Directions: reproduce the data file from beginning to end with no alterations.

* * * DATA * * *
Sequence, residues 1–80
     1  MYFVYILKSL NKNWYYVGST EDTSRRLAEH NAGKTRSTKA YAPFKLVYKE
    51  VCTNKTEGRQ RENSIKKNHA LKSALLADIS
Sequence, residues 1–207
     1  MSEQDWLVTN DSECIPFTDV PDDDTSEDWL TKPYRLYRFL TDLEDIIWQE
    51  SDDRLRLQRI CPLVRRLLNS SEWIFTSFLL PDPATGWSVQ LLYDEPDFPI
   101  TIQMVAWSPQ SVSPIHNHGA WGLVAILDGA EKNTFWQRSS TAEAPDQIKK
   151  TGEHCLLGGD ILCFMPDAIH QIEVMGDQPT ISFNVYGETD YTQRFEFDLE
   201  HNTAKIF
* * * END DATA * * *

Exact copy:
Sequence, residues 1–80
     1  MYFVYILKSL NKNWYYVGST EDTSRRLAEH NAGKTRSTKA YAPFKLVYKE
    51  VCTNKTEGRQ RENSIKKNHA LKSALLADIS
Sequence, residues 1–207
     1  MSEQDWLVTN DSECIPFTDV PDDDTSEDWL TKPYRLYRFL TDLEDIIWQE
    51  SDDRLRLQRI CPLVRRLLNS SEWIFTSFLL PDPATGWSVQ LLYDEPDFPI
   101  TIQMVAWSPQ SVSPIHNHGA WGLVAILDGA EKNTFWQRSS TAEAPDQIKK
   151  TGEHCLLGGD ILCFMPDAIH QIEVMGDQPT ISFNVYGETD YTQRFEFDLE
   201  HNTAKIF